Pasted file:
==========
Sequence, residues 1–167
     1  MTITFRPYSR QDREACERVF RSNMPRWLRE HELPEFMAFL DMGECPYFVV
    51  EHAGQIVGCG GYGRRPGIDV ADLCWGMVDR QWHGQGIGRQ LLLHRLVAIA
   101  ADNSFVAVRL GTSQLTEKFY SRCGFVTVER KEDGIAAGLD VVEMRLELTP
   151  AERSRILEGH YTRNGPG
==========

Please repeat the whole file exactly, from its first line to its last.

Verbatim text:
Sequence, residues 1–167
     1  MTITFRPYSR QDREACERVF RSNMPRWLRE HELPEFMAFL DMGECPYFVV
    51  EHAGQIVGCG GYGRRPGIDV ADLCWGMVDR QWHGQGIGRQ LLLHRLVAIA
   101  ADNSFVAVRL GTSQLTEKFY SRCGFVTVER KEDGIAAGLD VVEMRLELTP
   151  AERSRILEGH YTRNGPG